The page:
Visiting Assistant Professor
Franklin and Marshall College
Department of Sociology
Embodied Knowledge and Participant Observation
Drawing upon my experiences researching belonging among CrossFitters and firefighters (Scarborough 2015), I argue that participant observation is invaluable for producing knowledge on embodied experience. Participant observation offers unparalleled access to corporeal and emotional experiences that cannot be recorded through interviews or observation-only ethnography.
Ethnographers must avoid many potential pitfalls in their research. There are concerns about maintaining one’s objectivity. Total immersion in a social milieu comes at the risk of “going native”—transitioning out of a sociological mode of examining behavior. Even Erving Goffman, one of the most celebrated sociologists of everyday encounters, warns us, “only a schmuck studies his own life” (Goffman in Fine 2009). Losing objectivity, going native, and researching one’s own life all pose risks of succumbing to subjectivity and bias. However, ethnographers must negotiate these dangers and utilize participant observation to examine corporeal and emotional experiences. Participant observation in activities like CrossFit and firefighting produces knowledge only available to insiders. While in-depth interviews yield a wealth of information (Pugh 2013), embodied experiences are best understood by taking part in the action.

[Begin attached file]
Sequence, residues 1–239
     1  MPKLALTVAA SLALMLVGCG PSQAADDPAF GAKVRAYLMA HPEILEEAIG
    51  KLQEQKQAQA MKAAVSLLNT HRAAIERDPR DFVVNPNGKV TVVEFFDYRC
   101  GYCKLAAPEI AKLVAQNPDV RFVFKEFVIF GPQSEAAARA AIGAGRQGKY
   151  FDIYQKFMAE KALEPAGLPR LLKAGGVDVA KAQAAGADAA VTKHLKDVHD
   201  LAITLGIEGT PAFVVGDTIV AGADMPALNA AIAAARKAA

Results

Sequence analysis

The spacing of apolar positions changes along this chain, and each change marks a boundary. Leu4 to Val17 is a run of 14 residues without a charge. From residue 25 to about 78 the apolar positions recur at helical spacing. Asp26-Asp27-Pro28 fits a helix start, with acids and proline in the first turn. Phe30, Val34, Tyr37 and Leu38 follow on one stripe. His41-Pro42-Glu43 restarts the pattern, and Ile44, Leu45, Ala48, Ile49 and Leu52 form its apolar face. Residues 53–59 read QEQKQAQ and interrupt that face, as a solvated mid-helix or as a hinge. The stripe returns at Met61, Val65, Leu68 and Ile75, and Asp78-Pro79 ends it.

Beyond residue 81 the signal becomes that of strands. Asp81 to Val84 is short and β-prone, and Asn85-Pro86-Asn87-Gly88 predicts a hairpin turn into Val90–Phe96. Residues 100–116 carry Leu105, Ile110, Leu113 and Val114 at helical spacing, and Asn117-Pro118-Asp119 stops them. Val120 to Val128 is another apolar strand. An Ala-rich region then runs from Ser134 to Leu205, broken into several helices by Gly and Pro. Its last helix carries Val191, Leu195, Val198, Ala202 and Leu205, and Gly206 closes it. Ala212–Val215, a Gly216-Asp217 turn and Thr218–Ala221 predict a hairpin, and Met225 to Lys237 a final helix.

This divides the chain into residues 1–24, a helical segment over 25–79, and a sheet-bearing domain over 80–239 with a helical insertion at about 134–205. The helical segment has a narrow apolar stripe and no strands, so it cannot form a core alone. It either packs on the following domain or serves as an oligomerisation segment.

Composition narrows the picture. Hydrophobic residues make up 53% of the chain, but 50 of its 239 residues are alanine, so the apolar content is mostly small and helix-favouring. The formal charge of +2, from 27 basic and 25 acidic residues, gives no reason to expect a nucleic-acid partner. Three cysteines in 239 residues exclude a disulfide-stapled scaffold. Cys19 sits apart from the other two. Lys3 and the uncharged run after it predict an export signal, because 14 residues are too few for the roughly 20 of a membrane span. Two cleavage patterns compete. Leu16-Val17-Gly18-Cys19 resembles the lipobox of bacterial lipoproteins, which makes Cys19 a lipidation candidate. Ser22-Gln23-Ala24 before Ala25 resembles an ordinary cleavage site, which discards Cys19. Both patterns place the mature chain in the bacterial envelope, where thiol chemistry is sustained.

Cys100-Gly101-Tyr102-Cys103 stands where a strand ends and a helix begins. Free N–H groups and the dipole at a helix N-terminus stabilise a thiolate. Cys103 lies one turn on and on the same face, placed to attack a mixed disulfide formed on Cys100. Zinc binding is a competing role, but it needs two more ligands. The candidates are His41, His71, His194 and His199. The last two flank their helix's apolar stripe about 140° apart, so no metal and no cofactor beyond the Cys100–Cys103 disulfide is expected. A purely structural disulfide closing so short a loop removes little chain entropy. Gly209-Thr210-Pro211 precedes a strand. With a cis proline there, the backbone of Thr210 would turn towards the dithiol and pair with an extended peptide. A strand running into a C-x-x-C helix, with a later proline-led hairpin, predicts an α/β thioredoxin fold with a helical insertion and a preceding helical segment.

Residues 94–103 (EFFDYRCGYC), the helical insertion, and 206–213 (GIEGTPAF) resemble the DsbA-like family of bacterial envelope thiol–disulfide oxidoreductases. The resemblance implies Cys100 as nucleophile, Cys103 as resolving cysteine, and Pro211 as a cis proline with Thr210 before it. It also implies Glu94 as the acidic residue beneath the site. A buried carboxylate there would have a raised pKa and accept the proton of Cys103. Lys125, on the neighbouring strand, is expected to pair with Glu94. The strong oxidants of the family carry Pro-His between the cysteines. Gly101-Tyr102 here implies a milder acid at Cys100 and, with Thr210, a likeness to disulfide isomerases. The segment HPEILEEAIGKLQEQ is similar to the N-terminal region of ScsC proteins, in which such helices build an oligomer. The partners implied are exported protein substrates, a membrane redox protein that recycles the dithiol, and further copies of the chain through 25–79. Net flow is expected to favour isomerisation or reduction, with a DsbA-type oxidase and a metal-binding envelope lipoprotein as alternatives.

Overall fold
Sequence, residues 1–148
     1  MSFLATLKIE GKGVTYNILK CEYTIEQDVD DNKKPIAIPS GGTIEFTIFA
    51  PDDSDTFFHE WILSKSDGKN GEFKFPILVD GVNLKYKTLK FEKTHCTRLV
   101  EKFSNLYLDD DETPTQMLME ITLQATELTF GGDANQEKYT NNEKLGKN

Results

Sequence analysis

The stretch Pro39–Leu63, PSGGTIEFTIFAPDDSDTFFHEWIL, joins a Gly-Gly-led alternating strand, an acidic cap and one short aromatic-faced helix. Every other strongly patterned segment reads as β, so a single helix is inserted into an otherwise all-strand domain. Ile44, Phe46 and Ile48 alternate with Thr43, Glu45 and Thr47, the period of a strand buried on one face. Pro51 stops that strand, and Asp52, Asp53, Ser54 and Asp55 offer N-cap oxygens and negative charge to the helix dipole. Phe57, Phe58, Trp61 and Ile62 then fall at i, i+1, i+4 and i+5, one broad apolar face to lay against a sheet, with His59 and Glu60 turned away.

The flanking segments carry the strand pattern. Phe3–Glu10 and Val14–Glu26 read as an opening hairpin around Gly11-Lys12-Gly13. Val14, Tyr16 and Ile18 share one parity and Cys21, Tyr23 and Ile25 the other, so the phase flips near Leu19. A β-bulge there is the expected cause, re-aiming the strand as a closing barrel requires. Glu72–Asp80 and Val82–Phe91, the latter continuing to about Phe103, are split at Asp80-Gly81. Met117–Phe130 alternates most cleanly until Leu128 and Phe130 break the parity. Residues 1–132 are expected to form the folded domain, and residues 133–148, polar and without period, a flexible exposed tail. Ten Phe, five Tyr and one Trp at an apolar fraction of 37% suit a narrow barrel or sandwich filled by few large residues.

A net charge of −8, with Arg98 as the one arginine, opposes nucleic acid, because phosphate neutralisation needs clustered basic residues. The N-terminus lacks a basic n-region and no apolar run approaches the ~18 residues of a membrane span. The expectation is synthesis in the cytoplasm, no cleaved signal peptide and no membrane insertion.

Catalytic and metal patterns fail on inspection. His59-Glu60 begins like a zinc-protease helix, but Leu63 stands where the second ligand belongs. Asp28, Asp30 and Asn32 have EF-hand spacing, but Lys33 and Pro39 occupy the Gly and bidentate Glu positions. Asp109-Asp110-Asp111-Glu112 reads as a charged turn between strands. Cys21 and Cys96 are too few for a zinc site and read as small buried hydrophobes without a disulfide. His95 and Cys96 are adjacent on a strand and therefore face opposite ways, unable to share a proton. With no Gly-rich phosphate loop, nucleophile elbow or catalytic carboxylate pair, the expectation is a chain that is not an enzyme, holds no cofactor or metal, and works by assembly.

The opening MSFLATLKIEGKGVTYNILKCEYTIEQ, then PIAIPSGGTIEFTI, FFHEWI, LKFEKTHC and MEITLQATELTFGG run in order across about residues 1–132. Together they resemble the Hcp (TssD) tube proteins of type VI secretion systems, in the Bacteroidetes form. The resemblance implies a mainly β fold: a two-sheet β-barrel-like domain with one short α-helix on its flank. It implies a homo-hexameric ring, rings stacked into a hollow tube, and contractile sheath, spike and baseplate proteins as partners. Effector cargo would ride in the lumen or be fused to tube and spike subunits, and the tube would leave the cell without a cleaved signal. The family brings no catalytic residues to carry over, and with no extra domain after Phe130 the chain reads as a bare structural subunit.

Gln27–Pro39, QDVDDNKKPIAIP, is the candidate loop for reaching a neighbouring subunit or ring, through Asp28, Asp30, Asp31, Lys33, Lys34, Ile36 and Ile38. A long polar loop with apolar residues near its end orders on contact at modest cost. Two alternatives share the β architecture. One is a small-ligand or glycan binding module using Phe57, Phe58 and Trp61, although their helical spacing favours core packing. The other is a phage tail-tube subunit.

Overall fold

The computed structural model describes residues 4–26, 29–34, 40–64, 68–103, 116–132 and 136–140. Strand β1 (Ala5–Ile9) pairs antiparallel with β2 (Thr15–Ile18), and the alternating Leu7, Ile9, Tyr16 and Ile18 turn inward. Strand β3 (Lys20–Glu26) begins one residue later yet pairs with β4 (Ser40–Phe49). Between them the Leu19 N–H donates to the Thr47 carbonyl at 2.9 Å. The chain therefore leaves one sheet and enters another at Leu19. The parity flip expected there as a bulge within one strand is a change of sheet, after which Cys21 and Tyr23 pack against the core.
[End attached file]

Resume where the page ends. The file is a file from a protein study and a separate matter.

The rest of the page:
My interest in examining belonging led me to join Alliance CrossFit. CrossFit was an enthralling culture of community filled with patrons eager to participate in its focused, ritualistic encounters. Beyond the cultural and social processes animating the “box” (insider lingo for “gym”), there was also an important corporeal dimension to belonging.
After my first workout, I could barely walk up the stairs to my apartment. I spent about thirty minutes lying on the floor, staring at the ceiling, regretting having signed a six-month membership. Over the next few weeks, I experienced deep-seated knots in my shoulders and spent a considerable amount of time using hot packs. I’d never been in so much pain for so long.
It was a lengthy process to condition my body to perform Olympic weightlifting movements, basic gymnastic skills, and adapting to high-intensity interval training. With time, my body became accustomed to the routine of CrossFit; my weights went up and my times went down. I found enjoyment in mastering the technique of technical movements and working at the limit of my cardiovascular capacity. I transitioned from suffering in the name of research to longing for the cathartic release of operating at my body’s full capacity.